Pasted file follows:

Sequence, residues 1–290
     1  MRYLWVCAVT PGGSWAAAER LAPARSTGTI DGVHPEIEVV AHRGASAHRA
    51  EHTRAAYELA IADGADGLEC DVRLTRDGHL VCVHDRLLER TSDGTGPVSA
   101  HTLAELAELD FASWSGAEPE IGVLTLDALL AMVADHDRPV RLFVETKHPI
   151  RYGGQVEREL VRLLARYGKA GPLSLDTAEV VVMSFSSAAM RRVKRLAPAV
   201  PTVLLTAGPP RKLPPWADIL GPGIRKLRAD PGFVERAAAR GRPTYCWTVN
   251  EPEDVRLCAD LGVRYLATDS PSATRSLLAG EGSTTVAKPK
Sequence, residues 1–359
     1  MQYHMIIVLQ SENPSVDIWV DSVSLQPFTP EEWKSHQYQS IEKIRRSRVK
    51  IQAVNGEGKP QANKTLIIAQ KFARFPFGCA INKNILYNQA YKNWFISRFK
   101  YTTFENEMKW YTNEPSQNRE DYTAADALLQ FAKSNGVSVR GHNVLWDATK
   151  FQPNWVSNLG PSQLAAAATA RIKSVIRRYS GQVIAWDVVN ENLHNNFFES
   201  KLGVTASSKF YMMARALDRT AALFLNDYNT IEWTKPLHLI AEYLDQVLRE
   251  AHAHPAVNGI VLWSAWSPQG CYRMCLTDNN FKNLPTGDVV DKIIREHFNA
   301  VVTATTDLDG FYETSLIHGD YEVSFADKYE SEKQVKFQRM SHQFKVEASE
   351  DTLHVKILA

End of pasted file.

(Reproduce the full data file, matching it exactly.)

Sequence, residues 1–290
     1  MRYLWVCAVT PGGSWAAAER LAPARSTGTI DGVHPEIEVV AHRGASAHRA
    51  EHTRAAYELA IADGADGLEC DVRLTRDGHL VCVHDRLLER TSDGTGPVSA
   101  HTLAELAELD FASWSGAEPE IGVLTLDALL AMVADHDRPV RLFVETKHPI
   151  RYGGQVEREL VRLLARYGKA GPLSLDTAEV VVMSFSSAAM RRVKRLAPAV
   201  PTVLLTAGPP RKLPPWADIL GPGIRKLRAD PGFVERAAAR GRPTYCWTVN
   251  EPEDVRLCAD LGVRYLATDS PSATRSLLAG EGSTTVAKPK
Sequence, residues 1–359
     1  MQYHMIIVLQ SENPSVDIWV DSVSLQPFTP EEWKSHQYQS IEKIRRSRVK
    51  IQAVNGEGKP QANKTLIIAQ KFARFPFGCA INKNILYNQA YKNWFISRFK
   101  YTTFENEMKW YTNEPSQNRE DYTAADALLQ FAKSNGVSVR GHNVLWDATK
   151  FQPNWVSNLG PSQLAAAATA RIKSVIRRYS GQVIAWDVVN ENLHNNFFES
   201  KLGVTASSKF YMMARALDRT AALFLNDYNT IEWTKPLHLI AEYLDQVLRE
   251  AHAHPAVNGI VLWSAWSPQG CYRMCLTDNN FKNLPTGDVV DKIIREHFNA
   301  VVTATTDLDG FYETSLIHGD YEVSFADKYE SEKQVKFQRM SHQFKVEASE
   351  DTLHVKILA